The Immediate Aftermath
The Porter family estate had no interest in rebuilding the hotel. An auction in October of 1898 on the hotel grounds netted sales of $1,500 on some 3,000 items.
Early the next year, Dr. Louis Klopsch, publisher of The Christian Herald newspaper in New York Cityacquired the property. Klopsch was a noted fundraiser for charitable causes one of which was hosting inner city poor children at summer camps. During the year 1899, the remaining buildings on the grounds of the Prospect House housed the camp. Children occupied the 27-room laundry with a servant’s dining room and kitchen, and the stables.
After a year, Klopsch purchased the R. D. Jewett estate to become the longtime home of the Christian Herald Children’s Home. It was located on Hook Mountain Road, since renamed Christian Herald Road. It is now the home of Camp Ramah.
20th Century Owners
In 1900, the abutter south of the Prospect House, Stephen Rowe Bradley, a wealthy local businessman and the inventor of Orangeburg pipe, purchased the property creating a 37-acre estate. His rambling farmhouse had been built earlier by J. A. Bennet. He moved the Prospect House cottages across the street.
In the early 1920s, Pierre Bernard acquired the Bradley estate for his Clarkstown Country Club. The location of the Prospect house near the Highland Avenues remained an open grassy area. Bernard used it as a baseball diamond and for other outdoor events. Bernard’s property was in turn acquired by Nyack College. The old hotel location became a soccer field. Today Viznitz Yeshiva owns the property.
What the Loss of Prospect House Meant to Nyack
The Prospect House was the premier draw for summer resort guests in the Nyacks. In the same year that the hotel burned, the Pavilion Hotel in downtown Nyack closed. It was the end of an era. It was as if the numerous summer resort guests were a migrating flock that stopped at Nyack for awhile to rest and then moved on. Nyack felt an economic loss. Fewer people came by train and boat to visit. Hundreds of waiters, busboys, janitors, laundry people, and porters most of whom were African Americans, lost their jobs. Orangetown noticed the loss of tax revenue from the hotel. Nyack merchants felt the loss of business from well-heeled customers.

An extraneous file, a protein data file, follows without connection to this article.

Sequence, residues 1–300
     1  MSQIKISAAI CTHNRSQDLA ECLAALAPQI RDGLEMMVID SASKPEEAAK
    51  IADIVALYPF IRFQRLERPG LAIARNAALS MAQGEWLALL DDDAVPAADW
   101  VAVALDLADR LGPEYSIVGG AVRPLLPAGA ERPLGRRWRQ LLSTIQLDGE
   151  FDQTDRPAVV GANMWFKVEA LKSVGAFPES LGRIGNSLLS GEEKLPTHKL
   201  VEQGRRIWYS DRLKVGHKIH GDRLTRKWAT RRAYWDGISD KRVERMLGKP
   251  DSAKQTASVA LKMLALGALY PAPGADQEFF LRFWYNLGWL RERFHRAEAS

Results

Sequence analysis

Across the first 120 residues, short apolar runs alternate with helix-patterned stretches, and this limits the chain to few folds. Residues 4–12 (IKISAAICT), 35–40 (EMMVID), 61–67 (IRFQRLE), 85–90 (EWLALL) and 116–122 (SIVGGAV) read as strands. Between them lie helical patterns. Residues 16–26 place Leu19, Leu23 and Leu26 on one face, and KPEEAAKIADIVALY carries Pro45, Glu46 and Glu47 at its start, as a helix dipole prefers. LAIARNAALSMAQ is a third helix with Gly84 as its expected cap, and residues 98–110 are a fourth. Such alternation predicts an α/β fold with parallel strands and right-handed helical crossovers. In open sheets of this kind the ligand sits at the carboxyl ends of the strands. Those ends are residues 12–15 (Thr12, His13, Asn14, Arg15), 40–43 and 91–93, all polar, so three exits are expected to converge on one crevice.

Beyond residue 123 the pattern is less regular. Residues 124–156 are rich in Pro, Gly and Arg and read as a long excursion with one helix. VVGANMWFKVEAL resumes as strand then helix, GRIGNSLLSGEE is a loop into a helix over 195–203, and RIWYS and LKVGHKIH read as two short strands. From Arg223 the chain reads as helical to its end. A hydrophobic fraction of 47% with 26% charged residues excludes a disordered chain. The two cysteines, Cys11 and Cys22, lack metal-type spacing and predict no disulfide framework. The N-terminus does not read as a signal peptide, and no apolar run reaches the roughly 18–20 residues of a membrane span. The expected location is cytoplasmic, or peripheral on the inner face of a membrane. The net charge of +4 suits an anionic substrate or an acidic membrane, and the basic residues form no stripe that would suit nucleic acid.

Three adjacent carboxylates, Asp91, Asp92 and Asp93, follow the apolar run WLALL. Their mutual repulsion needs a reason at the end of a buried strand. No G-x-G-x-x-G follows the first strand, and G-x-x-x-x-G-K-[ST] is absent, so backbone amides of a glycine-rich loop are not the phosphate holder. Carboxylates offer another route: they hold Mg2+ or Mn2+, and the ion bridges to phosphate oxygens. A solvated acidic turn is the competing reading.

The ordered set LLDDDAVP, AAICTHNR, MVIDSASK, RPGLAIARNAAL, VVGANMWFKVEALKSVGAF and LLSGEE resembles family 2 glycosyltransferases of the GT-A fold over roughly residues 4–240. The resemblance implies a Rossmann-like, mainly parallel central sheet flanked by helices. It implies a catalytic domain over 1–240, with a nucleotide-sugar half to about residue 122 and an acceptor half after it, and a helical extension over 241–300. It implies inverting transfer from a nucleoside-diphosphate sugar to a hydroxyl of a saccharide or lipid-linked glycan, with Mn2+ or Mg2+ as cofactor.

The loss of the now forgotten Prospect House was more than economic. It left an empty space in the soul of the village. The large windswept pennants streaming from the turrets of its ornate towers would fly no more, the fashionable ball gowns gleaming with diamonds became a thing of the past, and the spectacular views from a rocking chair on the shaded porch became a memory. For more that 120 years the location of the old Prospect House has remained undeveloped as if it were some sacred Gilded Age space. May it remain so.
Michael Hays is a 35-year resident of the Nyacks. Hays grew up the son of a professor and nurse in Champaign, Illinois. He enjoyed a long career in educational publishing with Prentice-Hall and McGraw-Hill. He s currently president of the Historical Society of the Nyacks and vice president of the Edward Hopper House Museum & Study Center. Hays is an avid cyclist, amateur historian and photographer, gardener, and dog walker. He has enjoyed more years than he cares to count with his beautiful companion, Bernie Richey. You can follow him on Instagram as UpperNyackMike.